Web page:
International isolation has made the activity of the automobile industry in Russia practically impossible. The trickle of manufacturers announcing their departure or going to sell everything is incessant. The industrial disaster is continuous and it will take a long time to reverse the situation.
Since the beginning of the “special military operation” of Russia in Ukraine, things have not turned out for Vladimir Putin as he thought. As far as the automobile world is concerned, he would certainly not expect the practical dismantling of this industry and return to Soviet-era levels of isolation.
The last manufacturer considering leaving is Volkswagen. Your local division, LLC Volkswagen Group Rus, is located in the Grabtsevo technology park, in the city of Kaluga, just 170 kilometers from Moscow. Nearby are the facilities of Stellantis, which also produced for Mitsubishi, as a result of the previous PSA Mitsubishi agreement.
The Frankfurter Allgemeine Zeitung opened melon and commented on the possibility of a sale of all its assets to a third party, given that production has been interrupted since March. On the 3rd of that month, it was reported in a press release: «Volkswagen stops vehicle production in Russia and suspends exports».
Also suspended in June was the collaboration with the historic manufacturer Gaz, to which it had outsourced a small production in Nizhny Novgorod of the Skoda Octavia and Karoq, in addition to the Volkswagen Taos. The 200-strong workforce was offered half a year’s salary if they voluntarily resigned, and if not, then five salaries. The collaboration had been in place for a decade.
Since 2015 Volkswagen also locally manufactured gasoline engines
The latest data from the Volkswagen factory in Kaluga, as of February 2022, told us that 2021 production was 118,000 units, divided between Volkswagen Tiguan, Volkswagen Polo and Skoda Rapid. Of the manufacturer’s 4,800 employees in Russia, 4,000 worked there. Except for Chinese manufacturers, few more options would remain for said sale.
Kaluga factory opened in 2009 and the manufacturer has injected more than 1,000 million euros into it. At the time the production started with the Volkswagen Tiguan and the Skoda Octavia. There were very good growth prospects for the Russian market, before ending up scorched by sanctions.
All these factories had the utility of producing within Russia, avoiding tariffs, and offering the Russian customer more competitive prices, as well as jobs, wealth, economic activity for suppliers…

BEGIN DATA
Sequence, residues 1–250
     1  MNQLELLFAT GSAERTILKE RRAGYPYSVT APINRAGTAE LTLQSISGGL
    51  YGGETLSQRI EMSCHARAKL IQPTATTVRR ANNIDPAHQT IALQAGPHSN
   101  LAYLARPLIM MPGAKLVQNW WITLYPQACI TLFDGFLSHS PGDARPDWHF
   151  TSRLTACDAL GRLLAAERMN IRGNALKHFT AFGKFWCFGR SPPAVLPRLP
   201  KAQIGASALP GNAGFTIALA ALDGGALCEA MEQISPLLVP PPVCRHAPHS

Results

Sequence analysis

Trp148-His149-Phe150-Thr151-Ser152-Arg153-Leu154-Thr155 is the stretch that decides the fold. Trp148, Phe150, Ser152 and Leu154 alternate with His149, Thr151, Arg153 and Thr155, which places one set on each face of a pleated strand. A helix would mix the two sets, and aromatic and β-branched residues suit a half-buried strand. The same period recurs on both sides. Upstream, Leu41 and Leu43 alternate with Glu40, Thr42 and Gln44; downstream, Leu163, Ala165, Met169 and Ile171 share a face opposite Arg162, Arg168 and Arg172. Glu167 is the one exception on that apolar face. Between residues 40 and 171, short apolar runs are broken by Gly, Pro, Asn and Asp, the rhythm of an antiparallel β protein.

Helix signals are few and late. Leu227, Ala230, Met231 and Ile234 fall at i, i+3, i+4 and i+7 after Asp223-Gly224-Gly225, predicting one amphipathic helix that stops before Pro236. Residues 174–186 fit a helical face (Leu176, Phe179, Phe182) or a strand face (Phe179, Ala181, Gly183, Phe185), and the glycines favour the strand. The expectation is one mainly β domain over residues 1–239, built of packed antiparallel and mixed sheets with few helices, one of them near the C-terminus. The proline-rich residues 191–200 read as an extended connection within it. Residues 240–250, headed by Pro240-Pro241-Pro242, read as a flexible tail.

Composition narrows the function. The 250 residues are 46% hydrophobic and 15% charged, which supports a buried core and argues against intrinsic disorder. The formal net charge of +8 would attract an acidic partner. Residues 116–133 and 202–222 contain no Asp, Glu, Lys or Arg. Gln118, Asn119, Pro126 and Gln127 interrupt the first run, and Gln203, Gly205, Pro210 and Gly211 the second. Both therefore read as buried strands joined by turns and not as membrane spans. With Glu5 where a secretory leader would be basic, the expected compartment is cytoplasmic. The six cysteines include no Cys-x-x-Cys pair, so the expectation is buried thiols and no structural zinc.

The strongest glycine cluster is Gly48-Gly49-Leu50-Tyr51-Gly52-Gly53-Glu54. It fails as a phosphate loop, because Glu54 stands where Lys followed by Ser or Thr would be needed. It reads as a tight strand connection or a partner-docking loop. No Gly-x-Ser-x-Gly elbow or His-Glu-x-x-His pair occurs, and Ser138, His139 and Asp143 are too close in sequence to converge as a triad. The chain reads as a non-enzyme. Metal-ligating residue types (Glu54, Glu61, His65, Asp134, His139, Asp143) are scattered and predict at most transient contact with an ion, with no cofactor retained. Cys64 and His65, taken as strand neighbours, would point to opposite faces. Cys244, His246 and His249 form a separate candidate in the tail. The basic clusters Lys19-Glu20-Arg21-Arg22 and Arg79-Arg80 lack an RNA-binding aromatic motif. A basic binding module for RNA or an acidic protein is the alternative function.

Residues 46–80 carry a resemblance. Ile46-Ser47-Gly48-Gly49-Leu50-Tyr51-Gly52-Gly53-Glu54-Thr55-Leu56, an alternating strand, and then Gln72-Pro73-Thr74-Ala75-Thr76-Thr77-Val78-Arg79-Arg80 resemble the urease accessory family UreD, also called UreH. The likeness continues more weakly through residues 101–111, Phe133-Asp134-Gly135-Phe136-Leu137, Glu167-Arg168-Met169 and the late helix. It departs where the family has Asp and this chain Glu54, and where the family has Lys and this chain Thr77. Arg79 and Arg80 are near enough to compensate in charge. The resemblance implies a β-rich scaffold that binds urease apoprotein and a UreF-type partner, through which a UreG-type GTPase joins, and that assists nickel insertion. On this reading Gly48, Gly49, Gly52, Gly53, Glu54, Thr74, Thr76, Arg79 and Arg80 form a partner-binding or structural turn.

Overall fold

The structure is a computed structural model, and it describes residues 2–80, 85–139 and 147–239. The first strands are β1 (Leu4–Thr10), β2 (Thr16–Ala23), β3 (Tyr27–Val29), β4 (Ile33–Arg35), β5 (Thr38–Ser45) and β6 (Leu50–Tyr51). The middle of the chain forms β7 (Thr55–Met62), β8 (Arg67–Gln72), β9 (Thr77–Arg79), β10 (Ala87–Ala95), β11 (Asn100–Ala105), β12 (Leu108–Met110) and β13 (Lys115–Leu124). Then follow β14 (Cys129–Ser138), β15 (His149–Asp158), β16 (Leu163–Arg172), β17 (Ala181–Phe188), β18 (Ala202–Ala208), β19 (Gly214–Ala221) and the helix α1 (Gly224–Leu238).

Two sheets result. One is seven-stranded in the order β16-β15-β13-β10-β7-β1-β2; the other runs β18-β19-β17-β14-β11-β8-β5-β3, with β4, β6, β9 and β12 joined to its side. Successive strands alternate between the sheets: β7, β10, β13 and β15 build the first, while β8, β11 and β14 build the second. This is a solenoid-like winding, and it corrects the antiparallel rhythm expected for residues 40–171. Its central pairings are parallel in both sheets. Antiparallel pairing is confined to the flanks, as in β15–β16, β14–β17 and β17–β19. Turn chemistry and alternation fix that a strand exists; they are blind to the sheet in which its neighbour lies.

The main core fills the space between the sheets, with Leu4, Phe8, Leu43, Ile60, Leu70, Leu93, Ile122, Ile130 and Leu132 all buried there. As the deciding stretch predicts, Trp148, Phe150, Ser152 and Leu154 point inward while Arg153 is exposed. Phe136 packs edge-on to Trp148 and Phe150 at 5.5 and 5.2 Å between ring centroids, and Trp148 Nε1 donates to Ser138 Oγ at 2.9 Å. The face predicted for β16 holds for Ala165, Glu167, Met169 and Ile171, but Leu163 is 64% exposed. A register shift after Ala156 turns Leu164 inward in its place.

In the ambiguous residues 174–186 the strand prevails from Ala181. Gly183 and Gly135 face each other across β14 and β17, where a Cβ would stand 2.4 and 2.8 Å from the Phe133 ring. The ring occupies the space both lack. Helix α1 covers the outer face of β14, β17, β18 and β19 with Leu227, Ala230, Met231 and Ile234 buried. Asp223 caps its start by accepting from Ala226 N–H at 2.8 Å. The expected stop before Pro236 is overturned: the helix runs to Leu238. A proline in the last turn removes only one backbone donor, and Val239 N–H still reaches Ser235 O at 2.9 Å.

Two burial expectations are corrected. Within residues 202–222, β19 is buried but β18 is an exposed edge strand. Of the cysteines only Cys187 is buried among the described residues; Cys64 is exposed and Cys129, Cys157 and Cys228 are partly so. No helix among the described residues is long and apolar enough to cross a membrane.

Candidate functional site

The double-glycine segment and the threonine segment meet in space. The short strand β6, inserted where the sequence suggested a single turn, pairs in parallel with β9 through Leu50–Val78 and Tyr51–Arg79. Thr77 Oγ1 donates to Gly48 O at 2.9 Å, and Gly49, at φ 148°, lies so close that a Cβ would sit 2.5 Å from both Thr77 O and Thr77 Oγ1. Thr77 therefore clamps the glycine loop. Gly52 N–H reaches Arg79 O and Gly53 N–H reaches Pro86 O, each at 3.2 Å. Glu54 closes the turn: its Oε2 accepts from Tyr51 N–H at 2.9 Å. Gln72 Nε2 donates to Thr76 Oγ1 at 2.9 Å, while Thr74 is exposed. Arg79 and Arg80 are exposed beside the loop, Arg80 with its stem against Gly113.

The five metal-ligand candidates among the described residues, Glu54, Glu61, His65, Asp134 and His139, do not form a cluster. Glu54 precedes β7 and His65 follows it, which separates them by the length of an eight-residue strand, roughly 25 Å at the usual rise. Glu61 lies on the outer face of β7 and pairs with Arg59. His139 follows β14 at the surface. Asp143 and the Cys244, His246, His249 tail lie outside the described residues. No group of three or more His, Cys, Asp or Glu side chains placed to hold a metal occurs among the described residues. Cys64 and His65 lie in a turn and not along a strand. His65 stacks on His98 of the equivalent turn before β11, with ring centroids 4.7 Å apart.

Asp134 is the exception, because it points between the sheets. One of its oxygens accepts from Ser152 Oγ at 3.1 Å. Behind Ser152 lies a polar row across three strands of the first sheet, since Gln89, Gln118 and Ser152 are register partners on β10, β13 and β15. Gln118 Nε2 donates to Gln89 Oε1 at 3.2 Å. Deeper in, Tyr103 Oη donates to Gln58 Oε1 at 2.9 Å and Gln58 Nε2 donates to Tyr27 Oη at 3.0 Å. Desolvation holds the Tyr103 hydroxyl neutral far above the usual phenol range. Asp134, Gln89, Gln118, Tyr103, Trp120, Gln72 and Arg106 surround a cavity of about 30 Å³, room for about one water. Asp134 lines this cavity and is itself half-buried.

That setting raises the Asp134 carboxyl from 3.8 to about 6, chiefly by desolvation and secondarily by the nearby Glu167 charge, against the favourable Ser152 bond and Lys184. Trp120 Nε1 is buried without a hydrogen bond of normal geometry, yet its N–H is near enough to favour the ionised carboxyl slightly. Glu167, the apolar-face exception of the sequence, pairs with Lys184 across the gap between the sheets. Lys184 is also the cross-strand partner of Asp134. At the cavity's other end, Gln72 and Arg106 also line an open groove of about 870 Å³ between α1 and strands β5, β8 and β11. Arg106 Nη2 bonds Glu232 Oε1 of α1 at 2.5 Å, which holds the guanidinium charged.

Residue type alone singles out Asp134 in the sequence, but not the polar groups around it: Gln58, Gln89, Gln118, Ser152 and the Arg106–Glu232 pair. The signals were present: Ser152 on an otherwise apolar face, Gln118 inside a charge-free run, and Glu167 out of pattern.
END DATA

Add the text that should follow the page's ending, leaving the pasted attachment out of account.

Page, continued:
Before the war, several manufacturers had partially established themselves in Russia with assembly factories or to finish CKD kits from Europe. The list was long: Renault, Nissan, Stellantis, Mitsubishi, Toyota, Volkswagen, Ford, Mercedes-Benz and BMW. Even Stellantis had plans to make vans for the European market shortly before the invasion.
Less than a month ago the penultimate to announce his departure was Toyota. Production of the Camry and RAV4 had been unable to resume due to lack of components since the war broke out. The St. Petersburg factory (TMMR) has already closed and Toyota maintains only a minimal administrative and aftermarket presence.
The biggest loser was undoubtedly Renault, which controlled AvtoVAZ (maker of Lada), had the largest share of the Russian market, and had its own factory in Moscow. He sold everything for a ruble. Like Nissan, which did the same (they have been the last), they have the option to return until 2028. Their assets are controlled by the Kremlin through the NAMI.
What is left for Russia now?
AvtoVAZ has been nationalized, the production of a Peeled Granta with technology from the 90s has resumed, and the Renault factory in Moscow wants to revitalize by resurrecting the Moskvitch brand, which has all the signs of starting with a rebranding of some Chinese model. On the other hand, Continental still ain’t leavingand still produces tires.
The Russian market has collapsed by more than 50%, the Russian customer does not understand that it is the best time to buy and there are not too many cars either, the stock is running out and only the Chinese bring cars
Stellantis hasn’t left either, with production suspended since April, and the same goes for Mitsubishi. The plant is shared out in a 70/30 ratio, and having the workers sit idly at home indefinitely doesn’t seem like a solution to anything. It’s only delaying the inevitable.
Right now Russia is an international pariah, no major country explicitly supports him, even the Chinese speak of respecting Ukraine’s integrity, the Indians have made the invasion ugly for him, and even the former Soviet republics of central Asia are getting silly. Putin is more alone every day, and the Russian automobile industry closer to the red October… that of 1917.